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CREATE TYPE  --  define a new data type


CREATE TYPE typename ( INPUT = input_function, OUTPUT = output_function
      , INTERNALLENGTH = { internallength | VARIABLE }
    [ , EXTERNALLENGTH = { externallength | VARIABLE } ]
    [ , DEFAULT = default ]
    [ , ELEMENT = element ] [ , DELIMITER = delimiter ]
    [ , SEND = send_function ] [ , RECEIVE = receive_function ]
    [ , ALIGNMENT = alignment ]
    [ , STORAGE = storage ]



The name of a type to be created.


A literal value, which specifies the internal length of the new type.


A literal value, which specifies the external (displayed) length of the new type.


The name of a function, created by CREATE FUNCTION, which converts data from its external form to the type's internal form.


The name of a function, created by CREATE FUNCTION, which converts data from its internal form to a form suitable for display.


The type being created is an array; this specifies the type of the array elements.


The delimiter character to be used between values in arrays made of this type.


The default value for the data type. Usually this is omitted, so that the default is NULL.


The name of a function, created by CREATE FUNCTION, which converts data of this type into a form suitable for transmission to another machine.


The name of a function, created by CREATE FUNCTION, which converts data of this type from a form suitable for transmission from another machine to internal form.


Storage alignment requirement of the data type. If specified, must be char, int2, int4, or double; the default is int4.


Storage technique for the data type. If specified, must be plain, external, extended, or main; the default is plain.



Message returned if the type is successfully created.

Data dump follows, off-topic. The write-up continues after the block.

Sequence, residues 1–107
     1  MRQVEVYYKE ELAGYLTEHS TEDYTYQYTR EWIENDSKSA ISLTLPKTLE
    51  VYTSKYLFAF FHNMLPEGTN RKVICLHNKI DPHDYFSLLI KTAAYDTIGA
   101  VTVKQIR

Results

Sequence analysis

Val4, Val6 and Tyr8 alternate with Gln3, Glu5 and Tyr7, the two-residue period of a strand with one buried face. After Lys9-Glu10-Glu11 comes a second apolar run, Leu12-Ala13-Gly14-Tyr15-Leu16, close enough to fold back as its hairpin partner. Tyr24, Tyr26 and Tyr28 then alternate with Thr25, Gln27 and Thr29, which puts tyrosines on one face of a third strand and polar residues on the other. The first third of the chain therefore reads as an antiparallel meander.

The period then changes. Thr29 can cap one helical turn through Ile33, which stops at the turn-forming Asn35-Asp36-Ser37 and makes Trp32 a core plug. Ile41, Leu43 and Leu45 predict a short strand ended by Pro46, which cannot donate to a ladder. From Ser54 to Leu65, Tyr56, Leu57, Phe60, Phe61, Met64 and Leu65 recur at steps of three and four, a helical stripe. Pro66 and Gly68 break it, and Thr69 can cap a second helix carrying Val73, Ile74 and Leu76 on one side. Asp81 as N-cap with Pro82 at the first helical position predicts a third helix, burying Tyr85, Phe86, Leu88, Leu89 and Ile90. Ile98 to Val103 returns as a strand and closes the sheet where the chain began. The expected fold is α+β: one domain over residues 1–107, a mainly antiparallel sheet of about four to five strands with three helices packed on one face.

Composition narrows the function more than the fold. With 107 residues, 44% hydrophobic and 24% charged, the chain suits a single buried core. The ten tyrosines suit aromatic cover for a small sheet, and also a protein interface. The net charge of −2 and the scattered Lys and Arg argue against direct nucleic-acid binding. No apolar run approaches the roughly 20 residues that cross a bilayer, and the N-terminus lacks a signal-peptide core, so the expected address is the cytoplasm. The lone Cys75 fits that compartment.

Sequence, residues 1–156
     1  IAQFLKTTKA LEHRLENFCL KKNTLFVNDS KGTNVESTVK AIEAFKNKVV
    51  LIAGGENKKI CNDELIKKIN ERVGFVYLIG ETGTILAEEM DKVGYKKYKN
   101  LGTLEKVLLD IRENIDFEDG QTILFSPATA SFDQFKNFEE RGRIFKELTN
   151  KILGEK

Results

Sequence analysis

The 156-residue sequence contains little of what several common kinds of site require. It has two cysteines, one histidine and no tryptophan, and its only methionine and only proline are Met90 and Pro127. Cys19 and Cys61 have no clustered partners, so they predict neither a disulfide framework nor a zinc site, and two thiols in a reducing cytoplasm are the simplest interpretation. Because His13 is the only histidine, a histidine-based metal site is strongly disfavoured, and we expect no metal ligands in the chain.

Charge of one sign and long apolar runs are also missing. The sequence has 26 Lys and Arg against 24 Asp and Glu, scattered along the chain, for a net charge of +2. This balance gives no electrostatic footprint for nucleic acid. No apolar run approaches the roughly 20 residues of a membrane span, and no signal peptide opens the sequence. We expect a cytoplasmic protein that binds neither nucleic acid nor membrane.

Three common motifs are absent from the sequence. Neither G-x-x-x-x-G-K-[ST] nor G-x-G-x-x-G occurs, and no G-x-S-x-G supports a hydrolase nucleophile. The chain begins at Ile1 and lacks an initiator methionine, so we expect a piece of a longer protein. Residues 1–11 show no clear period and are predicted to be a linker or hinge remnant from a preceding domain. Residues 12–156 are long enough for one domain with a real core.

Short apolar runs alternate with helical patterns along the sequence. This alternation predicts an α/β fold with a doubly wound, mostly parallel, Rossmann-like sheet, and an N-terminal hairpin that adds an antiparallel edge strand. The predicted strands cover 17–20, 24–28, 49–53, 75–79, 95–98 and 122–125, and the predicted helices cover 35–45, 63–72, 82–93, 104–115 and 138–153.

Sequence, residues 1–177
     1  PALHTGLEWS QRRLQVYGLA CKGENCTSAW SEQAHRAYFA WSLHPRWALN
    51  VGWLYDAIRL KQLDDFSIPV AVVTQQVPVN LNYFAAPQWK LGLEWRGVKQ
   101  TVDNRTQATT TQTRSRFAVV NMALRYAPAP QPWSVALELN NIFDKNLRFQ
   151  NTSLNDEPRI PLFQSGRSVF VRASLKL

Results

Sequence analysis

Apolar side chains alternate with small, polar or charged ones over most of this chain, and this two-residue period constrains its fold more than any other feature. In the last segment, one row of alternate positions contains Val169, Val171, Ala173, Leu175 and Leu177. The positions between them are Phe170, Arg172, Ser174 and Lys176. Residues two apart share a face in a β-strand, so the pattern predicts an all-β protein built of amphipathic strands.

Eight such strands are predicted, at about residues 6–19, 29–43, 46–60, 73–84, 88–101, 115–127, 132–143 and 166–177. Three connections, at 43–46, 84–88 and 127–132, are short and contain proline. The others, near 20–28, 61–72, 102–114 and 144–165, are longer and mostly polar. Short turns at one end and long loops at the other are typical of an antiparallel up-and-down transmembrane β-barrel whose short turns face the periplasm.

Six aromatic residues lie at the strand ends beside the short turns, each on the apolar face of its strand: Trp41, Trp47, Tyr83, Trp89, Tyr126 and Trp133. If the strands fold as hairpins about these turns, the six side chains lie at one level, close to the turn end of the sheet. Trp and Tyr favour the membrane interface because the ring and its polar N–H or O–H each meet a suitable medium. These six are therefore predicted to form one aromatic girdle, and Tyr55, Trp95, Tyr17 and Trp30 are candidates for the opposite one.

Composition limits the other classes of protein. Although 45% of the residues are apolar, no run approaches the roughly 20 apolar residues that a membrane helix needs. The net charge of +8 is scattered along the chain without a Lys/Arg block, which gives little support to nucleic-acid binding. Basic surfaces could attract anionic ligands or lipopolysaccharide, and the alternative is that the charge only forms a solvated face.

CREATE TYPE allows the user to register a new user data type with PostgreSQL for use in the current data base. The user who defines a type becomes its owner. typename is the name of the new type and must be unique within the types defined for this database.

CREATE TYPE requires the registration of two functions (using CREATE FUNCTION) before defining the type. The representation of a new base type is determined by input_function, which converts the type's external representation to an internal representation usable by the operators and functions defined for the type. Naturally, output_function performs the reverse transformation. The input function may be declared as taking one argument of type opaque, or as taking three arguments of types opaque, OID, int4. (The first argument is the input text as a C string, the second argument is the element type in case this is an array type, and the third is the typmod of the destination column, if known.) The output function may be declared as taking one argument of type opaque, or as taking two arguments of types opaque, OID. (The first argument is actually of the data type itself, but since the output function must be declared first, it's easier to declare it as accepting type opaque. The second argument is again the array element type for array types.)